Seven Questions: Artist Bobby Beausoleil Talks From Behind Bars With Anthony Stechyson
"Please appreciate my work, or not, solely on the basis of its merits as art. By doing so you are likely to learn more about the truth of who I am, if that is of interest to you, than in any other way."
(Bobby Beausoleil in his own words, from his website)
Bobby Beausoleil has been in jail for nearly half a century.
In 1969, he was arrested for the murder of Gary Hinman, a crime that came to be associated with Charles Manson.
Prior to the crime, Bobby Beausoleil was well known around San Francisco and Los Angeles as an artist, actor, and musician. He collaborated with the legendary filmmaker Kenneth Anger as an actor on the first iteration of Lucifer Rising.
Beausoleil certainly didn’t let his incarceration get in the way of his artistic pursuits. After his incarceration, he continued creating works from prison: writing songs, recording albums (sometimes with instruments he built himself) and honing his skills as a visual artist; creating vivid and fascinating paintings, drawings, and watercolours.
His art has been exhibited in various galleries and he regularly posts new creations on his website.
Bobby answered a few questions about his art and his process for The Ekphrastic Review:
Many visual artists draw inspiration from the world around them. You’ve been in prison since 1970. What inspires you?
While I admire the work of some of the artists in prison who are inspired by their surroundings, I am not one of them.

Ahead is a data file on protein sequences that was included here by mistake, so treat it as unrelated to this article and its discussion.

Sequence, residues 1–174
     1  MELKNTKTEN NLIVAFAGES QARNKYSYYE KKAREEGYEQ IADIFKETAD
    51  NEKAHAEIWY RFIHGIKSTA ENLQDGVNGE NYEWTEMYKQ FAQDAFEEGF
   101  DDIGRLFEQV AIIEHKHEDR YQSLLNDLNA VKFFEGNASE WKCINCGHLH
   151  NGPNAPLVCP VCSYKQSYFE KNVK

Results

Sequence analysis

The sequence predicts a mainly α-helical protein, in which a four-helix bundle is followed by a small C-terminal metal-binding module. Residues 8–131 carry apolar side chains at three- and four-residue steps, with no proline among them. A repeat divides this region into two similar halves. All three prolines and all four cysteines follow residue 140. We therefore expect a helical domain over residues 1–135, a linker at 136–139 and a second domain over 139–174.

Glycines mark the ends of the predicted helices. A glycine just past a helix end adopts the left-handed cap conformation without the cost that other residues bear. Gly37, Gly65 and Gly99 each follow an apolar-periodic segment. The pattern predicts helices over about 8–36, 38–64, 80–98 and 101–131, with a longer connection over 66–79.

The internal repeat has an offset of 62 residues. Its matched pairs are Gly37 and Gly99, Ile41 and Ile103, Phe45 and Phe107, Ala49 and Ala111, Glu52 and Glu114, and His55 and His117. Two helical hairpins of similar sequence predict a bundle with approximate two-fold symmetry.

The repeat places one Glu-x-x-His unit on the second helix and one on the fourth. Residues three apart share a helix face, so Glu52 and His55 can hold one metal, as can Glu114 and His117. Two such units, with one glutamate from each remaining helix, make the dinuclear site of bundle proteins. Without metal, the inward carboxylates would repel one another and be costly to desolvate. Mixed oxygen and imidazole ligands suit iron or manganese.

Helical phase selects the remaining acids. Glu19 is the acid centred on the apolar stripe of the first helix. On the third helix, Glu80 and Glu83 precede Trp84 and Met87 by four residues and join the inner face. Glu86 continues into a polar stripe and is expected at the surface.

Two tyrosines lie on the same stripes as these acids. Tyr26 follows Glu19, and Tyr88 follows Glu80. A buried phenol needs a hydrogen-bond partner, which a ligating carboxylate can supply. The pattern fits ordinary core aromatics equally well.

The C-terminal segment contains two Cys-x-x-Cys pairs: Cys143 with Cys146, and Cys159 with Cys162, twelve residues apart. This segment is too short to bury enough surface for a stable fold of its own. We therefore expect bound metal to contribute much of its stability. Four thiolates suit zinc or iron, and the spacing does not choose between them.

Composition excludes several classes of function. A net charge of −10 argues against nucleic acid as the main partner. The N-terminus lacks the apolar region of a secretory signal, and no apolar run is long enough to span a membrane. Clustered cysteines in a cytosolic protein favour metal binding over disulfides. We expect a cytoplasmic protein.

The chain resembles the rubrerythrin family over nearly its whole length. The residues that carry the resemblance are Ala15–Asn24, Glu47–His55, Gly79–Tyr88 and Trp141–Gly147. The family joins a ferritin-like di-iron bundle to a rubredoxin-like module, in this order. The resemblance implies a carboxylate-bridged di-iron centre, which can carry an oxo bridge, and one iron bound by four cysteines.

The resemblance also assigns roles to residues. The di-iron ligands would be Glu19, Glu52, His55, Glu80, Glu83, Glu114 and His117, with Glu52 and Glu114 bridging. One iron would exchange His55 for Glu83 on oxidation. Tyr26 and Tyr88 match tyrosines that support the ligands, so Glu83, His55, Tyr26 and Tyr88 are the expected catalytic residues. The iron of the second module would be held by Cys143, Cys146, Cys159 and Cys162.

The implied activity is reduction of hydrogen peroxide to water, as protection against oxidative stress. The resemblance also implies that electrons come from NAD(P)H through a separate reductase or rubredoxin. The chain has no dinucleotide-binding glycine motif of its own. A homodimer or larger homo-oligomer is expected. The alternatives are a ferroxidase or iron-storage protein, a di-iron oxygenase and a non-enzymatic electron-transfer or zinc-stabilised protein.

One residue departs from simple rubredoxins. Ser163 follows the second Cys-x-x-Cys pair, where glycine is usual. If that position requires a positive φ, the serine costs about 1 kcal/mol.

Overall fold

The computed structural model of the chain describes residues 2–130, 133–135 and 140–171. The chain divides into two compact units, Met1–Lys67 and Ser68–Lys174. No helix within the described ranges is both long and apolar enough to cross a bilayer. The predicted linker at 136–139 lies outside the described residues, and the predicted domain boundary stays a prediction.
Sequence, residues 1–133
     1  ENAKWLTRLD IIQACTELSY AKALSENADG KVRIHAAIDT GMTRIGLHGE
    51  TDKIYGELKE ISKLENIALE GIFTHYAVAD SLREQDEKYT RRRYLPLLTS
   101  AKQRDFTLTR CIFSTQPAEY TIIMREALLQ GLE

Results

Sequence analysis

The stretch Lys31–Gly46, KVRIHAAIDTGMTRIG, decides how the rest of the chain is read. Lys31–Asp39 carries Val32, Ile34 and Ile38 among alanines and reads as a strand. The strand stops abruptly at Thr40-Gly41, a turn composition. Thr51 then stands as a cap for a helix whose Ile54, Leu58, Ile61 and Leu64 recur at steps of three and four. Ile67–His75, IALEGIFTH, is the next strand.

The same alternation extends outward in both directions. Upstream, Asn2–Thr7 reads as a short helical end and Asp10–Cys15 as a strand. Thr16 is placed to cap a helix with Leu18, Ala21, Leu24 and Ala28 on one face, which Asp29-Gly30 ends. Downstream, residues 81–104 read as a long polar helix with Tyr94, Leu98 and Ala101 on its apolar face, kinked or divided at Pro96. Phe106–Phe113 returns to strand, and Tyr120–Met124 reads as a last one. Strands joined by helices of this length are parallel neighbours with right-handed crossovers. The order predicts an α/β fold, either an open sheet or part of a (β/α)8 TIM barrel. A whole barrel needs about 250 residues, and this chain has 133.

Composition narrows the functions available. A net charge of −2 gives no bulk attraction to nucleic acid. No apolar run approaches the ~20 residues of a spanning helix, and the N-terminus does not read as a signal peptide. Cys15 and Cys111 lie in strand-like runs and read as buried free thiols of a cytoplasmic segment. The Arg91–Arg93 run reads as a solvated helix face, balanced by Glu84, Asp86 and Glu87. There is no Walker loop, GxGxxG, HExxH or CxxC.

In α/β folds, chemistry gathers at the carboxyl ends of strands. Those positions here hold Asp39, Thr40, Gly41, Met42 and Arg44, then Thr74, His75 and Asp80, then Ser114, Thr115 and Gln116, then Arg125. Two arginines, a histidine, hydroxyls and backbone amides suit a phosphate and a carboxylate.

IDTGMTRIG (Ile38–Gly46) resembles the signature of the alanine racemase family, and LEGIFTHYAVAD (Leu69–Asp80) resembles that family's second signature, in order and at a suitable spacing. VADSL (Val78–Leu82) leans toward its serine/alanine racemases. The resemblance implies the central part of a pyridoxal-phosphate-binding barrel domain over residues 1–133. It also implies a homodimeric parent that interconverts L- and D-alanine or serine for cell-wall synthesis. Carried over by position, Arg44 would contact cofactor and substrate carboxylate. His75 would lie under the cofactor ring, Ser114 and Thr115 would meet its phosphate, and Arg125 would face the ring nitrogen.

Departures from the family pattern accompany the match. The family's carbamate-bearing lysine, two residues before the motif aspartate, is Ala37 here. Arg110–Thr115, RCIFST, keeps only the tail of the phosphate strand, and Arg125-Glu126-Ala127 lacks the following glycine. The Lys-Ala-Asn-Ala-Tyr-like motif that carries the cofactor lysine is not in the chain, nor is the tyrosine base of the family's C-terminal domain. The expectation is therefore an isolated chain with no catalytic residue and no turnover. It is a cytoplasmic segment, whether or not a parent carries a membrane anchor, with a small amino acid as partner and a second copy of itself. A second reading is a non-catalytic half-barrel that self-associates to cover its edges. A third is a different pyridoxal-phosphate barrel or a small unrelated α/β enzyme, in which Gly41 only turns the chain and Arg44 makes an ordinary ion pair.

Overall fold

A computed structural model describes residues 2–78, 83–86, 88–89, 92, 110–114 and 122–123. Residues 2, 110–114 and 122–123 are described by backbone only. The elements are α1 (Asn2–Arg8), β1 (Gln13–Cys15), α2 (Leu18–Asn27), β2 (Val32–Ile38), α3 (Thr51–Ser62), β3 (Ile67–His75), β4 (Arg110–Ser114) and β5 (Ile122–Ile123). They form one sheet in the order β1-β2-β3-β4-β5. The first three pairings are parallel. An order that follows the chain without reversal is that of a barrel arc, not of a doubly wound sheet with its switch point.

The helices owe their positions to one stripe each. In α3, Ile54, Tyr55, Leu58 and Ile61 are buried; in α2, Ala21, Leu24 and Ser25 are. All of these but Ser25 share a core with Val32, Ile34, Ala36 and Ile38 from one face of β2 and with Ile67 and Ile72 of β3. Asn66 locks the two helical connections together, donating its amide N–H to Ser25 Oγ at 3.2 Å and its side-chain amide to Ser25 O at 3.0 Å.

Rarely do I encounter anything in my immediate physical environment that moves me to produce a rendering in visual art that is anything close to a literal representation of it.
But then, were I in an environment where I would be surrounded by beautiful natural vistas it's unlikely I would be inclined to produce artistic images of what I see.
In either case, however, the surroundings may influence how I feel or what I imagine on the screen of my mind, and this will often move me to create art rooted in these visualizations or emotions. So you might say that my immediate surroundings may inspire my work indirectly.
Describe your process, where do you paint? How do you obtain your materials?
I like privacy when I'm working on visual art. Once in a while I may be invited to help paint a collaborative mural somewhere in the prison; in all other cases I work at a small table in my prison cell, usually at night when it is quieter.
I am able to purchase some very limited types of art materials from outside vendors. In most California prisons the handicraft programs and art programs have faded away. This has severely limited access to art materials such as oil or acrylic paints and canvases, leaving as the only options things like graphite and coloured pencils, pastels, crayons, and paper art pads in smaller sizes.
I have been able to finagle some larger sizes of art paper, and through experimentation I have learned how to make my own paints from the types of media that are permitted. I have a few brushes left over from when handicraft programs still existed. Where there's a will there's a way, as they say.
I know guys who produce some amazing art using ballpoint pens, or dissolved instant coffee applied with cotton swabs. Cardboard from boxes found in trash cans is a canvas for some. Like a few other artists I have found in these places, my natural inclination is to veer away from influences that may inhibit a truly authentic artistic vision.
How do your fellow inmates respond to you art?
My work generally is well received by fellow prisoners. Many seem to have difficulty believing that I actually created what they're seeing, most likely because my style is so different from what they're accustomed to seeing in prison. Most of the work produced in prison naturally leans toward tattoo art, even when the art is not intended for an actual tattoo. I've done my share of tattoo designs over the years - and in fact all of my own tattoos came out of my designs - but even then the style is unusual. My take is that a lot of people tend to like what they think their peers will like, so there is a marked similarity in much of the art produced in prison.